A couple of practical methods have evolved to do this. The first and still most common is the use of a "wastegate". This is a simple valve which can be opened to allow some of the engine's exhaust gas to bypass the gas turbine. This valve is operated by the turbocharger compressor's outlet pressure. As the boost pressure increases, it presses on a diaphragm, against the spring pressure keeping the wastegate valve closed. When the force of the boost pressure on the diaphragm exceeds the spring force, the valve opens and allows some exhaust gas to bypass the turbine, limiting the power available to the compressor. If the boost pressure drops below the design setting, the spring begins closing the wastegate valve, putting more energy back into the turbine and compressor. Simple and reliable, as long as the few moving parts remain in good working order.

However, wastegate control is not the most efficient way to control gas turbine power and speed. Turbine and overall engine efficiency can be improved if all the exhaust gas flows through the turbine but the turbine actually changes its characteristics to suit the energy and flow of exhaust gas available and delivers the optimum power to the compressor at all loads.
This can now be achieved by Variable Turbine Geometry (VTG). It is most commonly implemented by placing variable guide vanes in the turbine housing. These can alter the pressure, speed and direction of the exhaust gas impinging onto the turbine blades and provide accurate control over turbine power and speed.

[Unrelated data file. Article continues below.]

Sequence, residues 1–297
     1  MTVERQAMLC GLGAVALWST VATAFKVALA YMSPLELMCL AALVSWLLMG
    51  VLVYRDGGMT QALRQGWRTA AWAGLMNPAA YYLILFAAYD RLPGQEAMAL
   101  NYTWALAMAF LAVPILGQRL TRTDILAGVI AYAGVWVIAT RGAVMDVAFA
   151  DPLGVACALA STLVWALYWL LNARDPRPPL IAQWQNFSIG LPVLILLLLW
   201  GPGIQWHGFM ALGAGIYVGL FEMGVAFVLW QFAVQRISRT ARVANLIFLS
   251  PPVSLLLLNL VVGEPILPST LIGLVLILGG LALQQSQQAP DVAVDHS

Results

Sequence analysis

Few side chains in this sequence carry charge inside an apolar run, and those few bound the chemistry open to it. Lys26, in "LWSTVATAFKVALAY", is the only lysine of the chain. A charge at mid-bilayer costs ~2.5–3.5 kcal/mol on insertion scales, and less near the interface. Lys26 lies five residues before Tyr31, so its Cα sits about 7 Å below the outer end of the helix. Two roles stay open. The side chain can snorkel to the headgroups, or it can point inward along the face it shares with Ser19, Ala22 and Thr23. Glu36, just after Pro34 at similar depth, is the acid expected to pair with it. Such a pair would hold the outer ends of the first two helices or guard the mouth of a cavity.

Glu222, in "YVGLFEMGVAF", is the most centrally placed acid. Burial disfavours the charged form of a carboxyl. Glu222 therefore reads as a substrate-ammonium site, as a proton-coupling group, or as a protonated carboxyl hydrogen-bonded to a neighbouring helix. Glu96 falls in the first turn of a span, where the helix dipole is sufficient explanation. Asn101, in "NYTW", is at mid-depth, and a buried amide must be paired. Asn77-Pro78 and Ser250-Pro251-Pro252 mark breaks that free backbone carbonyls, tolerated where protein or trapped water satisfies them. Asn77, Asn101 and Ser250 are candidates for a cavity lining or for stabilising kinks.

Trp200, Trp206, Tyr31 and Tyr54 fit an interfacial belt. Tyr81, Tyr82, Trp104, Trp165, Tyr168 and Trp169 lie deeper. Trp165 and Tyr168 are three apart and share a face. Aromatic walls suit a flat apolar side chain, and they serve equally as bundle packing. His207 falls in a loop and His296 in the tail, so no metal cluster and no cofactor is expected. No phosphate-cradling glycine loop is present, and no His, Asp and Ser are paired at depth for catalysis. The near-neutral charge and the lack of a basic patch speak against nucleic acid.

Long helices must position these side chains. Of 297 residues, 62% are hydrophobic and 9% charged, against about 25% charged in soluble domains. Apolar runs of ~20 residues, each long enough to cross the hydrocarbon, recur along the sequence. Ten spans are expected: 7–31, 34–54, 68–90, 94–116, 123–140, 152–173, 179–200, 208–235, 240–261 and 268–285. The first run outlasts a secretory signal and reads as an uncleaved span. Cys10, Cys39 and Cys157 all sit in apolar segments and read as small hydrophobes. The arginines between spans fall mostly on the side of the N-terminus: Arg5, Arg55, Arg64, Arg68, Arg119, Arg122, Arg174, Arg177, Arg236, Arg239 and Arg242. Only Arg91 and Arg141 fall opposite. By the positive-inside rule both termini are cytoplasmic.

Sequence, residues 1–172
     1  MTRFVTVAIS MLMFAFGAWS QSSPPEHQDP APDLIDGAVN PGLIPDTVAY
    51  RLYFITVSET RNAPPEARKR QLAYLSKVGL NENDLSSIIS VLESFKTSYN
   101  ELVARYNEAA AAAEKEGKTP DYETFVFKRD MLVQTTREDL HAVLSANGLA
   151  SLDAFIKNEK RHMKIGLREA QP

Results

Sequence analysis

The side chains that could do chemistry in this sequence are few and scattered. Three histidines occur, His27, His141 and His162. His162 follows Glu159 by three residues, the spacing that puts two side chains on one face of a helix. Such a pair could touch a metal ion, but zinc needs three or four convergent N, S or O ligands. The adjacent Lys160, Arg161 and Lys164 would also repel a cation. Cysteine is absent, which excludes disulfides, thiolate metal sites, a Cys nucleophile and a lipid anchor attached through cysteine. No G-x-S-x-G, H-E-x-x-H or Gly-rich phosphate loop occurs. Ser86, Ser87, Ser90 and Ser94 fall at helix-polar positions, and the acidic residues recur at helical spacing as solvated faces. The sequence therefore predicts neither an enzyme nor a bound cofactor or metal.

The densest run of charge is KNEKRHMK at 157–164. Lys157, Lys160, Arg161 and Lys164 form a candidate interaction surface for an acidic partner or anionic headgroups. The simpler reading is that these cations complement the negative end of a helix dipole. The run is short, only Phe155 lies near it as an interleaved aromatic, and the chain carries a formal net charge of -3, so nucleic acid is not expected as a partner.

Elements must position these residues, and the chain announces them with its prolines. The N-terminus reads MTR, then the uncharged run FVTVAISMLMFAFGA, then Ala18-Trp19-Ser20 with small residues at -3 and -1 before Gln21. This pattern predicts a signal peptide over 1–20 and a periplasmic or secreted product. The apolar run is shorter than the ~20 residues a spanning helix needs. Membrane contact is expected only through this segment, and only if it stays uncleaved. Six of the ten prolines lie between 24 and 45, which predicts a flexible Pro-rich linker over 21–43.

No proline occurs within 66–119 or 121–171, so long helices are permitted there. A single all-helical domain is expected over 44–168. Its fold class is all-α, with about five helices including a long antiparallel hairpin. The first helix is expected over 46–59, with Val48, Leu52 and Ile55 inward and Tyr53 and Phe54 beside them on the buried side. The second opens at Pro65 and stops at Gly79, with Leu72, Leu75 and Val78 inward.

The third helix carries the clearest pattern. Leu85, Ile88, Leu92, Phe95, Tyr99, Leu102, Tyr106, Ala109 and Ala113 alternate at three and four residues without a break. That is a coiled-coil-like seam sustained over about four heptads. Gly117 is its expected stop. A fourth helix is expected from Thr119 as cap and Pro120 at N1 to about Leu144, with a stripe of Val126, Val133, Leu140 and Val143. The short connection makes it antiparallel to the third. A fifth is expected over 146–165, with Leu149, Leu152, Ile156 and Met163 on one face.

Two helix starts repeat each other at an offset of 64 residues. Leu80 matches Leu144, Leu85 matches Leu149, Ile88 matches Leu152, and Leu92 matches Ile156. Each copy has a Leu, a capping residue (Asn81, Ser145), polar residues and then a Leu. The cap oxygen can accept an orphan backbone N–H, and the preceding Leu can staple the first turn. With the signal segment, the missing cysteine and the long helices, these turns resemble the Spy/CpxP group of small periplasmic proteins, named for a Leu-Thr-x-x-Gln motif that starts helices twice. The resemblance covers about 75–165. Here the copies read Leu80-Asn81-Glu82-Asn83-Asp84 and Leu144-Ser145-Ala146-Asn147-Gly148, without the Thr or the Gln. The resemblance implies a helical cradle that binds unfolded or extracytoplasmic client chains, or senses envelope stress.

The final issue we'll look at this time is the effect of the heat generated in compressing the air charge. As mentioned earlier, a doubling of the absolute pressure of our air charge only gives a doubling of air mass and density if the air temperature remains constant. But it doesn't. To give you an idea of the scale of the problem, I'll give some example figures I've actually measured on my engine. It's a mid-1990s 2.5L turbo-diesel running 1.0bar of boost pressure as standard. One pleasant morning when the ambient temperature was 23°C, I was towing a caravan up a steep range. Naturally the engine was running at full boost or very close to 1.0bar (about 2.0bar absolute). The temperature of the air leaving the turbocharger compressor peaked at 184°C!

Now, I won't go fully into the mathematics involved but instead of the density of the air charge leaving the turbocharger being double that of the ambient air (that is, 100% higher), it was only 28% higher. So this heating of the charge air had 'robbed' me of 72% of the potential increase in air density I might have expected by doubling the absolute air pressure! Not only is this a huge disappointment in terms of the performance I might have been expecting, but it's pumping a fair quantity of heat into the engine before we even think about combusting fuel in that air. Not good.

But all is not lost! In the next article we'll see how to drastically reduce this heat burden we're imposing on the engine and get even more power and efficiency - by charge cooling! We'll see why intercoolers are really aftercoolers - and whether they really do anything useful at all.